Climate Change

Published on July 25th, 2011 | by Karen Lee

2

Keeping your summer safe

I don’t know about where you are but it’s been HOT HOT HOT in the Northeast since last week. How do you keep cool when it’s triple digit temperatures? And what other important reminders should we be aware of regarding heat and its danger?. I mean, heat can kill as we’ve witnessed in France a few years ago when approx. 15,000 people died as a result of unrelenting heat wave that swept the country.

We’ve heard ideas of how to keep cool in summer before, including eco-airconditioning ideas as well as how to green your vacation.

But here are some other summer related tips we should keep in mind :

  • Heat can kill. Do not leave kids or pets in the car in sweltering heat. A car can be 20 degrees or more hotter inside that out side temperature.
  • Check in on your elderly neighbors.
  • Do not leave food outside or in the car in warm weather. Warm weather can spoil foods very easily. When in doubt, keep foods in the refrigerator. If you have to transport food, use insulated bags with ice.
  • Do laundry or wash dishes early mornings and at nights when there are less demand on electricity. It costs less for electricity in off hours, saving you money but using electrical appliances when electricity is not in high demand can alleviate the burden on the grid.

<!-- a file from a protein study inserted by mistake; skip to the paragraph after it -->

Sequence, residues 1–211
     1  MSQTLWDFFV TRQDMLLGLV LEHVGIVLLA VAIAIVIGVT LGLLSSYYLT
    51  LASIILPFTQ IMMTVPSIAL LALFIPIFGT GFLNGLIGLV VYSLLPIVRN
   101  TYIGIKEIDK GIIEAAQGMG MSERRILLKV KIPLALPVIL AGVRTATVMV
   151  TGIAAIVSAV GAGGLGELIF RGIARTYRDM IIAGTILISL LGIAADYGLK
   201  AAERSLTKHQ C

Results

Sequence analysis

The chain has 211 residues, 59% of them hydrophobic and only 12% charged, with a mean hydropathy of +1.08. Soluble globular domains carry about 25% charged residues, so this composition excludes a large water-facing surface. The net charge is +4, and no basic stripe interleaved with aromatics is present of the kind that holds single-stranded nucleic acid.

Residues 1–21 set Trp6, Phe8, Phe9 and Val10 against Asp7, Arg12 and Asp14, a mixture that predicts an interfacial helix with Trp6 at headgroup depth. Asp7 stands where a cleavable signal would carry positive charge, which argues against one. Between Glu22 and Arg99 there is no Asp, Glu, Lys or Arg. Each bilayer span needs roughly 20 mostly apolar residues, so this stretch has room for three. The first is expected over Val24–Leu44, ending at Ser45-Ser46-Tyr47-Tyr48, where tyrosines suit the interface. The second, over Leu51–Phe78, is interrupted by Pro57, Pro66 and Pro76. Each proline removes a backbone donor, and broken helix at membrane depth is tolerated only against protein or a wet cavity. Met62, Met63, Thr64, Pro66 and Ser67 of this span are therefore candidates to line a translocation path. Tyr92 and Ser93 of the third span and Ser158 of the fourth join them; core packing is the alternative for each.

• Extinguish your cigarettes properly. Do not toss the cigarette butt just anywhere. Throw it out in proper receptacles. When the outside temperature is high and dry, wildfire can start with any little spark.
  • Do not open fire hydrants to keep cool. It creates less water pressure in the grid and if there is fire, fire fighters might have the necessary water pressure to fight the fire.

Do you have any heat related tips you want to share?


{Photo} From Flickr CC by kazeeee





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About the Author

Karen lives a simple, frugal, green life and shares her eco tips and news on ecokaren and is a co-founder of Green Sisterhood, a network of community of green women bloggers, making change. When she's not managing Green Sisterhood or blogging on ecokaren, she is a chauffeur to two greenagers, wife to an accidental recycler, master chef to hungry locavores, seamstress, knitter, and dumpster diver, not necessarily in that order.



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